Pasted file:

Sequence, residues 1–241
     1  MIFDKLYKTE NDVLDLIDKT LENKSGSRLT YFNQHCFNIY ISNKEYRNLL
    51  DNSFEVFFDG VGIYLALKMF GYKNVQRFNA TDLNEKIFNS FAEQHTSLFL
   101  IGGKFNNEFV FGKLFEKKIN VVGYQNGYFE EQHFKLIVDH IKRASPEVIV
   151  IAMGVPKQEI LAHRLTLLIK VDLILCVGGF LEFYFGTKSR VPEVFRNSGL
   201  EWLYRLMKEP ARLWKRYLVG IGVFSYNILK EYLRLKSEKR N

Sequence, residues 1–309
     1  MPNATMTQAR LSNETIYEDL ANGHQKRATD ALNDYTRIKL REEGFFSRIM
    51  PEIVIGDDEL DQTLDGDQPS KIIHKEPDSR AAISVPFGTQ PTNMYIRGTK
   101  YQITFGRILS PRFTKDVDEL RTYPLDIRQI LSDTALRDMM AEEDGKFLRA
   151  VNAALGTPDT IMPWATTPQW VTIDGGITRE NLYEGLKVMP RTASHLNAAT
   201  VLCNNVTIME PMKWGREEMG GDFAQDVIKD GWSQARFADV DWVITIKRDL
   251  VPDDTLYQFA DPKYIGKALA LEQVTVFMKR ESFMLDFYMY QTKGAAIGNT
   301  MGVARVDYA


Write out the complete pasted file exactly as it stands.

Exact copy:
Sequence, residues 1–241
     1  MIFDKLYKTE NDVLDLIDKT LENKSGSRLT YFNQHCFNIY ISNKEYRNLL
    51  DNSFEVFFDG VGIYLALKMF GYKNVQRFNA TDLNEKIFNS FAEQHTSLFL
   101  IGGKFNNEFV FGKLFEKKIN VVGYQNGYFE EQHFKLIVDH IKRASPEVIV
   151  IAMGVPKQEI LAHRLTLLIK VDLILCVGGF LEFYFGTKSR VPEVFRNSGL
   201  EWLYRLMKEP ARLWKRYLVG IGVFSYNILK EYLRLKSEKR N

Sequence, residues 1–309
     1  MPNATMTQAR LSNETIYEDL ANGHQKRATD ALNDYTRIKL REEGFFSRIM
    51  PEIVIGDDEL DQTLDGDQPS KIIHKEPDSR AAISVPFGTQ PTNMYIRGTK
   101  YQITFGRILS PRFTKDVDEL RTYPLDIRQI LSDTALRDMM AEEDGKFLRA
   151  VNAALGTPDT IMPWATTPQW VTIDGGITRE NLYEGLKVMP RTASHLNAAT
   201  VLCNNVTIME PMKWGREEMG GDFAQDVIKD GWSQARFADV DWVITIKRDL
   251  VPDDTLYQFA DPKYIGKALA LEQVTVFMKR ESFMLDFYMY QTKGAAIGNT
   301  MGVARVDYA